About an hour from the South End, down many a treelined drive, there lies a sweet little white farm house that serves as the base for Siena Farms. A mixed JK Food Group gang of Front of House and Back of House team members from Toro, Little Donkey, Coppa and Uni gathered there with Farmer Chris last week excited for the opportunity to learn and boasting that we had come to work.
First on the agenda, a tour of the property by farm owner Chris Kurth, a.k.a. Farmer Chris. We learned all sorts of interesting farm facts about the 50 acres of land within a 3 miles radius in Sudbury, Mass. where they grow sunflowers, cucumbers, lettuces, root vegetables, tomatoes, squash, and so much more. According to Chris, fortune is on our side this summer and we are getting the traditional 5 days of heat and 2 days of rain that the farmers love and the plants soak up and flourish with. We learned cultivation techniques, and that on a small farm like Siena Farms, cultivation literally means killing weeds, and that in the Sudbury River Valley the fertile land of the Concord River bed means really nice soil that is not too rocky. Siena Farms is a self-enforced organic farm, and while they do have two small cultivation (weeding) tractors, certain crops like delicate herbs needed a pre-weeding session by hand.
So, we took a half mile walk past a few dream homes, rows and rows of sweet sungold tomatoes, and dreamy purple fairy tale eggplants to Farmer Chris’s favorite stretch of his farm land. It looked like a bunch of weeds. But this group had come to work. An hour later, dirty and sweaty, we had uncovered four tidy rows of lovage and oregano. I overheard Nelson Whittingham, a Sous Chef at Toro, say that farmers have the most difficult job there is, and that’s coming from someone who cranks out food off an 800 degree plancha day and night, week after week, with consistency. Farmers have to account for unforeseeable variables though, from weather patterns to diseases, and still try to keep their crops consistent, year after year. It’s a labor of love, and it’s their dedication to the land and the fruits of it that makes it taste so good for all of us.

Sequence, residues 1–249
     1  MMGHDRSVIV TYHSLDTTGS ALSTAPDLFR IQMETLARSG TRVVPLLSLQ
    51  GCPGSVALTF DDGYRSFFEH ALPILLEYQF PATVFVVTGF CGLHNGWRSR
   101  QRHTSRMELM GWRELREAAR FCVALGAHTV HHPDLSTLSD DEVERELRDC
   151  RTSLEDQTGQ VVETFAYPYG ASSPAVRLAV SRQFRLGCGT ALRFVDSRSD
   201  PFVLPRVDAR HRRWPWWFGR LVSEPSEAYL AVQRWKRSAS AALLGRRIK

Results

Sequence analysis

Chri's’s wife Ana Sortun, chef/owner of Oleana restaurant and Sofra Bakery in Cambridge, MA, and Sarma mezze bar in Somerville, MA, joined us out in the fields to talk shop. Ana had stories of what they do in Greece with all the leaves, and as a chef always does, had us tasting things as we went. The flavor of a flower for example, purely cucumber! We didn’t even know cucumber plants had flowers, but the lessons are endless on the farm. Especially with a group eager to learn, and we are so thankful to Chris and Ana for taking the time to teach us.
Now, remember those fairy tale eggplants and sungolds that we wandered past? Imagine the eggplants roasted in Coppa’s woodfire oven until they melt in your mouth like butter, then baked on a pie with ricotta, mozzarella, sungold tomatoes, chili flakes, basil and botarga flakes. OK you don’t have to imagine it, just come to Coppa, it hit the menu this week. You’ll see other Siena Farms ingredients hitting Toro, Little Donkey and Uni in the coming weeks as well, as the heat and rain bring all the best flavors of summer out to eat!